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Back pain can impact on many things we want to do on a daily basis. Fortunately there are a number of things you can do to lower the chances of developing disabling back pain and reduce the impact back pain may have on your life.

Back pain

The first part of my career in my surgery consultations I saw many patients with lower back pain but this was as a result of heavy manual work by miners, steelworkers, labourers and farmers. Working conditions were hard and there was little attention paid to prevent chronic back problems. We only had limited ways of investigating and simply relied on our clinical skills to diagnose a problem and tended to air on the side of caution as we were unaware of what was occurring in the body . After years of carrying out sophisticated CT scans and MRI scans and following up patients we now realise we were being over cautious and pain did not necessarily mean serious damage and most cases of back pain could be treated by encouraging movement and over the counter painkillers. Physiotherapy and other treatments were not widely available and at that time the advise was bed-rest in every case! Many patients took to their beds for many weeks and as a consequence became long term invalids often never to work again. We now know that this bad advise and that 60% of acute back pain will have resolve after 2 weeks and most will resolve in 12 weeks. Also, by having regular exercise a recurrence can be prevented as well as advising manual workers at their place of employment how to lift and to encourage the use of equipment to assist lifting to avoid unnecessary trauma.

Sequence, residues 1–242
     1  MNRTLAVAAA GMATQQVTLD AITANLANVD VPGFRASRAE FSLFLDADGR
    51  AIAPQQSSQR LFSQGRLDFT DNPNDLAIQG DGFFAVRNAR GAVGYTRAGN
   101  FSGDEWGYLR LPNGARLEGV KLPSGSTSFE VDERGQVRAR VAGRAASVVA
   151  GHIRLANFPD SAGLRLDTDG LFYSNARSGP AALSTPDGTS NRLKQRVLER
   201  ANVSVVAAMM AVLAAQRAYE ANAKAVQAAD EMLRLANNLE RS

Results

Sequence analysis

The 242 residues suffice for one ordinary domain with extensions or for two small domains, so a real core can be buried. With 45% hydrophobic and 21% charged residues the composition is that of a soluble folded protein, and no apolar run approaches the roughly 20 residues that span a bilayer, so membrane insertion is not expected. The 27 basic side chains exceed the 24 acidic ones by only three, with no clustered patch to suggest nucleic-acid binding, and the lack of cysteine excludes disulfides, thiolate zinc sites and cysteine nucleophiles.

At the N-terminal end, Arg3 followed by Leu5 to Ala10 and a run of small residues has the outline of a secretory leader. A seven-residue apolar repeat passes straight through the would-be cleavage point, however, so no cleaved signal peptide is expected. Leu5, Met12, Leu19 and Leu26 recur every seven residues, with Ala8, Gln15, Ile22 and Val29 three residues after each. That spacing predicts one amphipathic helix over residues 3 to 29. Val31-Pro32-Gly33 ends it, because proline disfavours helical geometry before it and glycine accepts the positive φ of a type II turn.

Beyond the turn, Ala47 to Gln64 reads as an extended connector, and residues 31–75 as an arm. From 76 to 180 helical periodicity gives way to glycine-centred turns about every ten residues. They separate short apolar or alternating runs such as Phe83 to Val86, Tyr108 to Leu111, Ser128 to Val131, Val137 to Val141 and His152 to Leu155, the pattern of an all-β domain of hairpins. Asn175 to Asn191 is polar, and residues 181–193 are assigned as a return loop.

During the second half of my career the patients who I see with back pain are sedentary workers who develop it as a result of prolonged sitting.
Back pain
It is actually more about how the body has to adapt to all the sitting, standing, and lifting than the activity itself.
Musculoskeletal problems today affect more women than in men for all age groups. For both genders, prevalence is noted higher in the 75 years and above age group. Nationally evidence suggests that MSK pain prevalence is higher in ethnic groups 63%-89% than White subjects (53%) at 45-64 age groups. 11.2 million working days per year are lost through MSK problems. Patients with MSK conditions account for the second largest group of patients in receipt of incapacity benefits after mental health. Back pain occurs in 4 out of 5 people at some time in their life.